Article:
Although Bloomsbury is now a diversified investment group, it was much more specialised in origin.
In 1993, BME was formed by Peter Hollands and Barbara Sotowicz and it launched the “Copper Briefing Service”, a 12-page monthly report in easy-access newsletter style but with rigorous forecasts two years ahead of mine, smelter & refinery production, and refined consumption, country-by-country and globally, market balance and stocks, prices, plus treatment & refining charges (TC/RCs) for custom concentrates (copper in ore minerals) and RCs for blister (unrefined) copper. That was a level of analysis which BME supplied monthly but which competitors mostly only provided in quarterly or annual reports.
In 2001, Adam Sotowicz began BME’s mathematical modelling of the cash prices and (uniquely at the time, we believe) forward spreads of copper, nickel, aluminium, zinc, lead and tin. Price drivers were the rate of global industrial production (IP) growth (based on a superb data series by CHR), LME stocks, exchange rates and, for the spreads, also interest rates. At that time, there were two quite separate schools of thought on base metal prices. For price drivers, single-metal specialists mostly followed market balances and stocks, while many multi-commodity analysts believed in turning points in the global IP cycle. Adam’s models provided a breakthrough: they showed that it was the interaction between IP growth rates and stock levels that drove both prices and spreads – a unified theory of price.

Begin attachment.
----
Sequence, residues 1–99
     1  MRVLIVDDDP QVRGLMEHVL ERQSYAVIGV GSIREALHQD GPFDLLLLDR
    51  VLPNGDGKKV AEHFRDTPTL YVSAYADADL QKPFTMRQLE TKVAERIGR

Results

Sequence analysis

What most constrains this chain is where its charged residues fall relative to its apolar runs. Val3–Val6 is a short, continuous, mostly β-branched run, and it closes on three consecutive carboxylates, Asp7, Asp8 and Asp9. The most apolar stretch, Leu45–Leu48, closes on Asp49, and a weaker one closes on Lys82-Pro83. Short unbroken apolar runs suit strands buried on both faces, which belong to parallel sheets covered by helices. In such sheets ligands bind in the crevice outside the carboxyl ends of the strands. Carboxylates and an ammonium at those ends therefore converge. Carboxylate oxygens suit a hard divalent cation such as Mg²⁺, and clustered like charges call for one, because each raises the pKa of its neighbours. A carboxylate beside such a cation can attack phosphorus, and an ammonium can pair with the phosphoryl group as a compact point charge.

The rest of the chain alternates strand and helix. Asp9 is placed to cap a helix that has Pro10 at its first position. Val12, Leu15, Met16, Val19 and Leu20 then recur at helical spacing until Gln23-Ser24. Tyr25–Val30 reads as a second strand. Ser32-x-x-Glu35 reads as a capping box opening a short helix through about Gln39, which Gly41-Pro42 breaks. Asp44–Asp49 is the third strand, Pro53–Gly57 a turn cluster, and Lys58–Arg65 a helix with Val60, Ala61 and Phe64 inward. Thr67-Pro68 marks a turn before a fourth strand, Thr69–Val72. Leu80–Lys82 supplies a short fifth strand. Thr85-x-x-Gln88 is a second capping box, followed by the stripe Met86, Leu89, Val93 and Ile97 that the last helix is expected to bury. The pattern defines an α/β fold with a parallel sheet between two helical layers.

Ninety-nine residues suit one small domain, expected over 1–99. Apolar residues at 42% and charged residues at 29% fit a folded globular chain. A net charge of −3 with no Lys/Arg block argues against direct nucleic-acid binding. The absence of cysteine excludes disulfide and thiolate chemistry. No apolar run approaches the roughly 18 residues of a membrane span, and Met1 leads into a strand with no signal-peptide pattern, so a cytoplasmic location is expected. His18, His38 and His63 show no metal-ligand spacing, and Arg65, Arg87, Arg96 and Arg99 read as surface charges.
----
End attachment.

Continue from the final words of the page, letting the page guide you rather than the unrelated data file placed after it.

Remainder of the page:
That insight brought great clarity and accuracy to BME’s forecasting of LME cash prices and forward spreads. At the request of a Hedge Fund, a subsidiary, BME Price Models (BME PM), was set up in 2004 to provide traders with fundamentals-based models of prices and spreads for the LME metals, as well as Expert Systems that incorporated ‘Quant’ techniques to complement traditional technical analysis. From 2005, BME PM also became the first company to incorporate into its fundamentals-based models the impact of the financial community’s new investment vehicles in physical metals, futures and options, which introduced long-side bias to the market: a price bubble. The financial community’s long positions in commodities rose from $75 Bn in 2005 to $400+ Bn in 2012.
BME Price Models’ hedge fund advisory work was very successful and profits were re-invested in minority holdings initially in a number of information businesses related to metals and mining. Bloomsbury then gradually exited from its own market analysis publishing operations.
Once a portfolio of sustainable / regenerative and SaaS investments has been brought together, a return by BME to ore and metal price analysis is possible, perhaps in the second half of 2023.